- The developer has lowered the height in response to community concerns about building height, and made narrower building masses to get some direct sunlight on the sidewalks. This is a reasonable compromise given that the properties are on a transit corridor, and it appears that many residents are asking for the unreasonable.
- The project is in between downtown Minneapolis, and St. Paul. It will put the largest job centers in the state, including the University of Minnesota, within easy access via public transit.
- The developer is providing more than enough parking, and conducted a detailed parking study to confirm this.
- Prospect Park is an area that is growing in demand, and we must build enough housing to match, or we will put pressure on people already feeling the pressure in the housing market.
- The project is near to a Green Line stop, adjacent to many bus routes, near to jobs, parks, a grocery store, and other amenities. It is on the fastest and most reliable transit line in the city, and connected to much of the area.
- A majority of the complaints about this project focus on blocked views of the Witch’s Hat tower. Views will be maintained for nearly everyone south of University — and a skinnier, taller building lets more sunlight through to the sidewalks than the alternative: a broader, squat building.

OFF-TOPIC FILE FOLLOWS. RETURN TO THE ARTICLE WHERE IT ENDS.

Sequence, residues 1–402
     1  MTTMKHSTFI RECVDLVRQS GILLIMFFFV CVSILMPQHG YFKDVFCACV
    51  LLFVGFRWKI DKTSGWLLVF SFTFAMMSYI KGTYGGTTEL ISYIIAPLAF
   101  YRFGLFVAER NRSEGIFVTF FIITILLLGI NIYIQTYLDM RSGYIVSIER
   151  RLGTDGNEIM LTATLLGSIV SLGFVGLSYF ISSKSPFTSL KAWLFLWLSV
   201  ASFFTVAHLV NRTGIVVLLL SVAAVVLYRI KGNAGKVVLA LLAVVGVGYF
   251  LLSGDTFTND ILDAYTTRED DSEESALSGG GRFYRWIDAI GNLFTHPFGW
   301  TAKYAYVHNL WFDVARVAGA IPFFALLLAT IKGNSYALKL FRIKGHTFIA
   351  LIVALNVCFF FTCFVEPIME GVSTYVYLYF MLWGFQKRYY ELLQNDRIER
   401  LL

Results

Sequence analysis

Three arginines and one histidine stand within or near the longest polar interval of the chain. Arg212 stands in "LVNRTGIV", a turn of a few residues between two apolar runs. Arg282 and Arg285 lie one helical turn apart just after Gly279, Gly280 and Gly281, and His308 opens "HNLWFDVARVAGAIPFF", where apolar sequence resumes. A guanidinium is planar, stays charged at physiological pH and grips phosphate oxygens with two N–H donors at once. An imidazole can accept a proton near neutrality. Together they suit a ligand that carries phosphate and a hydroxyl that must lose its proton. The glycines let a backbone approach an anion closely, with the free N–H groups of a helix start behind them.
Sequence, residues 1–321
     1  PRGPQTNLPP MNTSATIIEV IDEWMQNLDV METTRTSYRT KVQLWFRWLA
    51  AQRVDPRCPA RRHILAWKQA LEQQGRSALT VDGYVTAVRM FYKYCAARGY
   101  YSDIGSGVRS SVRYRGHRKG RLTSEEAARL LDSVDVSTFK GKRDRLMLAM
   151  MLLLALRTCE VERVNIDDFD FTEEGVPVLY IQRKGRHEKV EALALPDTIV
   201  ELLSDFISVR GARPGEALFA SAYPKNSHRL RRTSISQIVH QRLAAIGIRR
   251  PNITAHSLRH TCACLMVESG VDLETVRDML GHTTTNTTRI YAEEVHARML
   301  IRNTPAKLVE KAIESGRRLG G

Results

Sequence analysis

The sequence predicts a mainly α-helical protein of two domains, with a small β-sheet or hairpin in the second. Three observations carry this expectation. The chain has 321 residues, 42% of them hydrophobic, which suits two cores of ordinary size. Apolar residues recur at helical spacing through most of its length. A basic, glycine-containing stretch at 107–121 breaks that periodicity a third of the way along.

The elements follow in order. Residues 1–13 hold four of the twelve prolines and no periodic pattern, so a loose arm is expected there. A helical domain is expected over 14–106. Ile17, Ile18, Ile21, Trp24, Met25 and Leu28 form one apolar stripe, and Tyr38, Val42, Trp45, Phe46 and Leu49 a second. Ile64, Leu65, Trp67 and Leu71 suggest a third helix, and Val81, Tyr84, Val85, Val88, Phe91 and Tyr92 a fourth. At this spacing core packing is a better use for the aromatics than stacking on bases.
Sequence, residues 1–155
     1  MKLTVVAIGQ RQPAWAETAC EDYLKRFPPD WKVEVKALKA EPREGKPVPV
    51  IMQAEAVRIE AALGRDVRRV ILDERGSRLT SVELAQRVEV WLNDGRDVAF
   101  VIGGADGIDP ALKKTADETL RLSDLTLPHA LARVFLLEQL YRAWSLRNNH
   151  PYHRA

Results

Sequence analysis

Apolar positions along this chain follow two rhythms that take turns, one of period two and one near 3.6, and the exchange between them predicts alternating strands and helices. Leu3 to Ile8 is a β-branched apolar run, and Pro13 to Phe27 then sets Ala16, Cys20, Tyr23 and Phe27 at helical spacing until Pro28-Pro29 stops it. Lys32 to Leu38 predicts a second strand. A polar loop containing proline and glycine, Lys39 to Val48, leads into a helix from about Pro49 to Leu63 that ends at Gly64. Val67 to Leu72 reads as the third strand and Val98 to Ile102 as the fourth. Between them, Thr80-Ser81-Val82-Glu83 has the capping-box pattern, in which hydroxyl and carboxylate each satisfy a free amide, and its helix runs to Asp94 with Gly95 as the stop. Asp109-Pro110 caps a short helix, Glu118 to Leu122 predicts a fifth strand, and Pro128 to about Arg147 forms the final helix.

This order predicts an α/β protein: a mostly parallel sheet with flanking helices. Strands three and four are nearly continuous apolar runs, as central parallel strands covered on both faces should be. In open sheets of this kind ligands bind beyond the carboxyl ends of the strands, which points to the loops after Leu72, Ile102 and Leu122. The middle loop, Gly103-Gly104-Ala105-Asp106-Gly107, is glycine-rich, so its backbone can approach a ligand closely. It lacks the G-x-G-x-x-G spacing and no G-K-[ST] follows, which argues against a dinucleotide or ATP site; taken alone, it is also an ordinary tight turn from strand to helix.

- This project is close to the U of M Transit Way, the 4th St bikeway, which are connected to the U of M and downtown Minneapolis.
- Traffic projections for the project were stated to be 1 car per hour, on average, at a recent neighborhood meeting.
- It is unfair to hold our cities hostage with the threat of added sprawl in the face of a climate crisis, all because someone at a public meeting once said they were concerned about not being able to see Witch’s Hat from their vehicle along 280 for a few seconds.
What is the Vermilion / Art & Architecture Project?
This is a mixed use project on the Green Line in Prospect Park. The project has so far seen support of the neighborhood organization a Memorandum of Understanding, passed at the neighborhood land use committee (of 102 participants) by a two-thirds margin. City Staff recommended that the Planning Commission approve this project, and though the project was appealed, the appeal was denied at the Zoning & Planning committee.
The project will include 208 homes, market rate, including condos and rental units. The project includes lots of commercial space, 34,000 feet, and takes the unusual step of preserving an existing historic building — the dearly beloved Art and Architecture building — as part of its design. It is on many transit routes, and directly connected with the two biggest job centers in our region.
Vermilion Development has gone well out of their way to involve people in the neighborhood. They have listened to height concerns and reduced the height (but not units). They’ve spent months in process working with the neighborhood task force to make sure everyone is as happy as can be with the design. The project has also inspired a compromise petition to build support for growth, contingent on height limits reflecting iconic views from the Witch’s Hat tower.